Poll Finds Support For Restoring US History MCAS Grad Requirement


A majority of Massachusetts residents support requiring students to pass a U.S. history standardized test to graduate from public high school, according to new poll results.

Of the 1,000 participants surveyed by the Emerson College Polling Center, 61.9 percent said they strongly or somewhat support reinstituting the passage of a U.S. history Massachusetts Comprehensive Assessment System test as a graduation requirement, while 21 percent of respondents said they strongly or somewhat oppose the move. The rest of the respondents, 17.1 percent, said they were neutral or took no position.

"State residents know that suspending the history graduation requirement has relegated history and social studies to second-class status in the commonwealth's public schools," said Jamie Gass, director of school reform at the Pioneer Institute, which commissioned the poll. "And they're not happy about it."

The think tank's values, according to its website, include "an America where our citizenry is well-educated and willing to test our beliefs based on facts and the free exchange of ideas,"
"committed to liberty, personal responsibility and free enterprise."

Lawmakers created the MCAS system in a 1993 education reform law aimed at improving accountability and school performance. The first tests were administered in 1998, and students have been required to achieve sufficient scores to graduate since the class of 2003.

In 2009, the state education commissioner and Board of Elementary and Secondary Education voted to waive the history and social science MCAS requirement.

The education commissioner at the time, Mitchell Chester, said he did "not come lightly to this decision" and that he believed history and social science are part of a well-rounded curriculum.

"As we increase requirements for graduation, we need to ensure that districts are adequately resourced to provide support for students, particularly those who may struggle to meet the new requirements," Chester said in 2009. "I believe that it would be imprudent to add history to the graduation requirement at a time when budgets are so tight that funding for academic support and other services for students is likely to be scaled back significantly."

The new poll found that 80 percent of respondents believe Massachusetts public school students should study the country's founding and history, compared to 7 percent who disagree.

The 1993 education reform law that created the MCAS system also created standards for each core academic subject, including history and the social sciences. It directed that the Declaration of Independence, the U.S. Constitution and the Federalist Papers are required parts of the history curriculum.

The most recent update to the Massachusetts history curriculum in 2018 includes an increased emphasis on civic education, "inclusion of standards that reflect the diversity of the United States and world cultures, with particular attention to the contributions of women and men of all ethnicities and backgrounds in the United States," expanded use of primary sources such as maps, photographs, art and architecture and new standards for financial and news literacy, according to Education Commissioner Jeffrey Riley.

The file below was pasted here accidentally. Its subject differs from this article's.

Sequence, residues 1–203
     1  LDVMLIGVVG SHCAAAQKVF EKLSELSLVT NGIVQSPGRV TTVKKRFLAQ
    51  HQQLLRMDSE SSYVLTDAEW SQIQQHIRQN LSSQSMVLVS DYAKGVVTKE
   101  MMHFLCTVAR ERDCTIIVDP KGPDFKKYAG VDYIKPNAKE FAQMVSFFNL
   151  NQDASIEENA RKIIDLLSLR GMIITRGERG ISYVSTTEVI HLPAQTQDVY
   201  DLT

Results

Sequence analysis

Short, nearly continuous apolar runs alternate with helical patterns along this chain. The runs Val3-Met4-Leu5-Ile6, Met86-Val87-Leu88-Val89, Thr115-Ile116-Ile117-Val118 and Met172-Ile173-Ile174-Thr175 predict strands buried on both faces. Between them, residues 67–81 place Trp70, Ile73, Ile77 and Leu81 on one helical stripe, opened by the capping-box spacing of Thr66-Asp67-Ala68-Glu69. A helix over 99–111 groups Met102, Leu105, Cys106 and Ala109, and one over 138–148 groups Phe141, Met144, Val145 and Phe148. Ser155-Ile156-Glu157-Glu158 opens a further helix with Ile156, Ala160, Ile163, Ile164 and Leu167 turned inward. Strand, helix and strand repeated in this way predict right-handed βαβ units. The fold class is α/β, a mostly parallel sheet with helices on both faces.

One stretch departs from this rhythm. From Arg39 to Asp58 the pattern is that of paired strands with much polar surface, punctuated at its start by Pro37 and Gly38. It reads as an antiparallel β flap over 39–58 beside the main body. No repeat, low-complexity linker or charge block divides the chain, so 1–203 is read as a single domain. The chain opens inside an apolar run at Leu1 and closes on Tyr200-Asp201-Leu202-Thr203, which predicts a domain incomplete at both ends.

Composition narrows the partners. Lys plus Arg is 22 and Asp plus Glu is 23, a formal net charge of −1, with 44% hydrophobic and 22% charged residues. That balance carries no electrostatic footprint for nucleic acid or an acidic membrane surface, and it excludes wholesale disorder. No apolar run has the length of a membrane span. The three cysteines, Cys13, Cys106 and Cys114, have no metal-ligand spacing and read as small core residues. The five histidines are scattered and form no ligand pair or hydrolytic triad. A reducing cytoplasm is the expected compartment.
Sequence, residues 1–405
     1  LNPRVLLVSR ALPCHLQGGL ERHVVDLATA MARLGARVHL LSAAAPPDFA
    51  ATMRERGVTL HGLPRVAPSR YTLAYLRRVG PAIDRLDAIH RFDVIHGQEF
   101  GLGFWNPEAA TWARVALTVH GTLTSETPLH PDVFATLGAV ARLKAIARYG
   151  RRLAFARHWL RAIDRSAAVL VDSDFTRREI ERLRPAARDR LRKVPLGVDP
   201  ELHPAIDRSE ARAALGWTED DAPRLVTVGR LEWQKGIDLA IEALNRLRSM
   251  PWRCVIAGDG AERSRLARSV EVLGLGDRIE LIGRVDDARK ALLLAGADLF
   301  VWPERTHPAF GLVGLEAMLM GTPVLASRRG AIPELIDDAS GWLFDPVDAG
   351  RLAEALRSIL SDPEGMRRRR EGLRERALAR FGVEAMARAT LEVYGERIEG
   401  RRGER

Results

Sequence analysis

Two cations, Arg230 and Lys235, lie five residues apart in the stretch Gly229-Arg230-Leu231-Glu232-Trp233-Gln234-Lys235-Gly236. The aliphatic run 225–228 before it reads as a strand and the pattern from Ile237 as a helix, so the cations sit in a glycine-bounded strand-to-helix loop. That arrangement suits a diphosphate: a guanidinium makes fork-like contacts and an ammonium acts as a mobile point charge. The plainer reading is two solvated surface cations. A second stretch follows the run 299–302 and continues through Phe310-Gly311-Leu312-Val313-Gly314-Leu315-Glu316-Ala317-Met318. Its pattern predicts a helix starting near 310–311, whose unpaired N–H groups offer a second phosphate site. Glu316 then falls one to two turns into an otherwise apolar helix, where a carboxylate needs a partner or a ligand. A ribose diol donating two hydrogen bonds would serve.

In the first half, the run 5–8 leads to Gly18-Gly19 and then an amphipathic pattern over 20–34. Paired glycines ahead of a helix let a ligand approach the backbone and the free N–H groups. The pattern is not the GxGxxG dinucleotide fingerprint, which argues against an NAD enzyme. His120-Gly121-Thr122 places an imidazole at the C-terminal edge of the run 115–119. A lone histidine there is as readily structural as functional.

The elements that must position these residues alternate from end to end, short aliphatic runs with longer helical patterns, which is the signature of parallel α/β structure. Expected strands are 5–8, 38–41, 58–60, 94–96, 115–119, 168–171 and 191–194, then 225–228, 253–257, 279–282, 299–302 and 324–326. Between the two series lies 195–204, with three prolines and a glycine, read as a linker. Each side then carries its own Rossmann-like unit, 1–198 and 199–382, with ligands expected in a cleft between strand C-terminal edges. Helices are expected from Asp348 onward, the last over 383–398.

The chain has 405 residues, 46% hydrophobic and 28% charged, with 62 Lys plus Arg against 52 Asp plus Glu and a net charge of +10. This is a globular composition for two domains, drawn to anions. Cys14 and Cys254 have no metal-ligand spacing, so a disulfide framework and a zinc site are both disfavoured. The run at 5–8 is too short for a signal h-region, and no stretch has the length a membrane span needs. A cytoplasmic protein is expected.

The Pioneer Institute published a study in 2018 in response to this new curriculum, claiming it degraded the state's K-12 history standards.

"It replaces the earlier framework's full account of our country's European past and replaces much of it with 'the history of politically correct protest movements,' " and "allots insufficient time for students to learn European and American history," the think tank argued at the time.

"Americans' ignorance of history and their institutions is a regular punch line on the late-night comedy shows," said Jim Stergios, the think tank's executive director, in a statement about the recent study concerning MCAS graduation requirements. "The current state of political and public debate in our country is a direct result of a disinvestment and lack of attention to these topics in school."

The institute also said in 2018 that elimination of the history MCAS assessment allows for the substitution of "hollow" graduation expectations.

Despite some still-strong support for the MCAS tests, some lawmakers, educators and others have advocated for the total elimination of the assessment, or decoupling the MCAS from graduation.

Rep. Jim Hawkins of Attleboro and Sen. Jo Comerford of Northampton this session filed a bill (S 293 / H 612) that would have removed MCAS passage from graduation requirements and instead offered other pathways for students to prove they meet the benchmarks to complete high school, some of which would not have required a standardized test. The bill was sent to a dead-end study by the Education Committee, but Hawkins told the Sun Chronicle in June that he plans to refile the legislation next session.

Still, many, including Commissioner Riley, say MCAS scores are an important tool to "predict later outcomes in education and earning," and the Board of Education voted this summer to raise the minimum score that this year's incoming freshman class and at least the four classes that follow will have to attain on the English language arts, math, and science and technology/engineering test in order to graduate.

The poll has a margin of error of plus or minues percent, and was conducted between Nov. 11 and Nov. 14.

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